SNL May Outlive TV Itself, but We Can’t Forget Fridays
This article is from our friends at Trunkworthy
No red carpets, no seasons beyond two, but Fridays (featuring future Seinfelders Larry David and Michael Richards) was its own subversively hilarious thing.
Fridays debuted in April 1980 fully aware of the long shadow looming over it. Here was a major network’s late-night weekend sketch comedy show starring an ensemble of young unknowns exuding rock ’n’ roll attitude and palpably conveying the contemporary creative spirit of its big city home base.
Rather than dodge the Saturday Night Live elephant in the room, though,Fridays burst out of the gate and confronted the beast in its opening moments.
The show’s initial image is a pair of producers addressing actors off-camera, warning them, “Some critics and some viewers are going to say . . . that we’re imitating Saturday Night Live.”
The Fridays cast loudly protests as they’re suddenly revealed to be perfectly done up as SNL icons, from Michael Richards as a Conehead to Larry David as a Blues Brother to Mark Blankfield in a bee costume and so on.
With that knockout first punch, Fridays defiantly announced its independence just as surely as SNL had separated itself from all previous TV variety shows by kicking off with John Belushi and Michael O’Donoghue’s bizarre “I’d like to feed your fingertips to the wolverines” sketch. Unlike SNL, though, Fridays emerged wholly formed (a benefit, of course, of having years to watch the competition).
Cast standouts were immediate. At very first glance, Michael Richards laid the foundation for his eventual triumph as Seinfeld’s Kramer, with a twitchy, can’t-take-your-eyes-off-him persona that veers from instantly shocked submissiveness to sudden, grotesque overconfidence.
Mark Blankfield’s antic energy would flower quickly into a popular pharmacist character clearly too fond of sampling his own wares (a bit that would generate an unofficial Fridays spin-off movie, Jekyll and Hyde . . . Together Again).
Darrow Igus’ Rastafarian chef nearly turned “mari-JUAN-ah!” into a major ’80s catchphrase, and Bruce Mahler’s glossy-voiced rabbi would also return onSeinfeld.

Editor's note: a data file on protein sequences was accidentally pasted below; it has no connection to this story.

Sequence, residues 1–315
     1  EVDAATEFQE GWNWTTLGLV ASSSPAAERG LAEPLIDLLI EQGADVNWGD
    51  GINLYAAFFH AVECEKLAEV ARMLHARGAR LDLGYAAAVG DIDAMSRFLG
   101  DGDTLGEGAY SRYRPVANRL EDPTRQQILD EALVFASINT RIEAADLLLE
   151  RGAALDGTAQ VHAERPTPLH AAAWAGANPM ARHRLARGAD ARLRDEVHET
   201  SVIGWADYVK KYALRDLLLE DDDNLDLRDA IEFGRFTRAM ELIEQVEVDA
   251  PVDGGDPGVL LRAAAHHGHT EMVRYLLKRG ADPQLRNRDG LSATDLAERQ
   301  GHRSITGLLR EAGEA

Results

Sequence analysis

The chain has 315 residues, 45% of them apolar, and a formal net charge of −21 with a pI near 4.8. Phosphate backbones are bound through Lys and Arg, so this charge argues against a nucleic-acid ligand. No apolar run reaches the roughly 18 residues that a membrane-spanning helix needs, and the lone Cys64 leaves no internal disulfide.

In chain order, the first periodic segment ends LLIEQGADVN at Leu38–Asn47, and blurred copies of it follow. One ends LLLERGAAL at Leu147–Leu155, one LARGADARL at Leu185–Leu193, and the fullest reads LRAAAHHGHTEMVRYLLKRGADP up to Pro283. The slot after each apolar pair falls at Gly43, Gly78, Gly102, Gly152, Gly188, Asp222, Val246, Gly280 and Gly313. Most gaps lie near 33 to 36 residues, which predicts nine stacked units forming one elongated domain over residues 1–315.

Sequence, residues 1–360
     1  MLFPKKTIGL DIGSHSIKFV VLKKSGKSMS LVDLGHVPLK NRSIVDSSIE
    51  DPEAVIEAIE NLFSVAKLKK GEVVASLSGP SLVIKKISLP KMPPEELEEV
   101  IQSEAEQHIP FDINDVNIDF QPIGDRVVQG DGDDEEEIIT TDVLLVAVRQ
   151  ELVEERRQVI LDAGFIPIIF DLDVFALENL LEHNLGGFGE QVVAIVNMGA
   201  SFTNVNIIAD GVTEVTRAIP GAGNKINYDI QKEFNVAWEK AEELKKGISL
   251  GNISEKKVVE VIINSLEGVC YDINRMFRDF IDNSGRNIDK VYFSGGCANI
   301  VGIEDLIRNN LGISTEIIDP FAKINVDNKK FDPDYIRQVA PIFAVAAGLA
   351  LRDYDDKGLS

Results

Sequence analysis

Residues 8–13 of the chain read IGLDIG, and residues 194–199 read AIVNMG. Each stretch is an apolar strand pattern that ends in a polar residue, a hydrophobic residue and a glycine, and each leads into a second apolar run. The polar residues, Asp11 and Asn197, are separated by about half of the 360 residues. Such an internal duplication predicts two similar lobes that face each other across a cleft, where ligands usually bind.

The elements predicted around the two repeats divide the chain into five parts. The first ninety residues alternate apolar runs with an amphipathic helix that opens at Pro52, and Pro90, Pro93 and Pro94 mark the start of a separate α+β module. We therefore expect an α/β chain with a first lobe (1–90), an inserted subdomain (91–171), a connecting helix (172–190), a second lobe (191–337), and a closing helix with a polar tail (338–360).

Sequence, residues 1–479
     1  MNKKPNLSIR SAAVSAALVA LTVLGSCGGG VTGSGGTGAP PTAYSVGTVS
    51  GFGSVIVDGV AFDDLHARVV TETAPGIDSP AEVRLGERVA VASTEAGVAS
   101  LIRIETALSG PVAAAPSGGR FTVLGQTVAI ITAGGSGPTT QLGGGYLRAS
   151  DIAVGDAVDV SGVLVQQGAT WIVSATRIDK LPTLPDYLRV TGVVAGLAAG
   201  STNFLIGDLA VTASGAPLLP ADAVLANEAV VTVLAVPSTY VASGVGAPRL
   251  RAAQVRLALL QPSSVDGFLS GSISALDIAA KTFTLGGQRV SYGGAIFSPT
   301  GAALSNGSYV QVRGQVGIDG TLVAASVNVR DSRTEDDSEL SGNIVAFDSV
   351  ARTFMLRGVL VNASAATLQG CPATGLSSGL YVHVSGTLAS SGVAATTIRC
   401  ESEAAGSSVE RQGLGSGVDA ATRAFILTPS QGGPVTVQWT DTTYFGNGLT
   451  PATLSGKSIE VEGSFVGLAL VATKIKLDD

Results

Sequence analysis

Sophisticated and hip, Melanie Chartoff, who anchored Fridays’ weekly newscast parody, went on to a distinguished TV comedy career. She stood out immediately as the vice principal from hell (or a Tex Avery cartoon) in the cult sitcom Parker Lewis Can’t Lose. Later, she beguiled multiple generations by voicing the cartoon character Didi Pickles on Rugrats, as well as Didi’s mother (you’d never guess it was the same voice actor).
With its identity established so fast, Fridays could afford to experiment and even get stunningly ambitious. “The Ronny Horror Picture Show,” for example, still stands as one of the most jaw-dropping gut-shots of political satire ever broadcast on commercial television. Unimaginable in any broadcast context today, it’s a 17-minute, epically mounted, painstakingly detailed five full-song parody of The Rocky Horror Picture Show.
Fridays’ commitment to such danger notoriously spilled over into . . . well,something in 1981 when Andy Kaufman guest-starred. Midway through a restaurant sketch, Kaufman broke character, prompting Michael Richards to become furious, grab a stack of cue cards, and set off a shoving match. All this was broadcast live, and it was all, as it’s easy to conclude now, precalculated by perpetual TV terrorist Kaufman.
Being so entirely a product of its time and place, virtually every moment ofFridays invites the description “new wave,” particularly that of the Los Angeles variety. The show’s look, tone, and feel perfectly reflect the subgenre’s retro-futurist pop art aesthetic during the weird moment between disco and MTV when it dominated commercial radio and record sales. More directly, Fridaysbecame the premiere visual outlet for new wave music artists.
Saturday Night Live came of age during the birth and ascendance of punk rock just a few subway stops south of Studio 8H. However, aside from Patti Smith (and Gilda Radner’s Candy Slice), SNL ignored punk. Sure, it was cool for them to invite Sun Ra, but where were the Ramones?
So whereas Paul Simon figured as SNL’s standby troubadour, Fridays hosted The Clash, Devo, The Cars, The Pretenders, The Jam, The Tubes, The Blasters, Jim Carroll, and Split Enz. The show also introduced the unsigned Stray Cats and ran a phone number on screen for record companies to call—and it worked!
Alas, like new wave, Fridays burned bright and flamed out fast—and there’s been nothing like it as much fun to laugh along with and dance to ever since.
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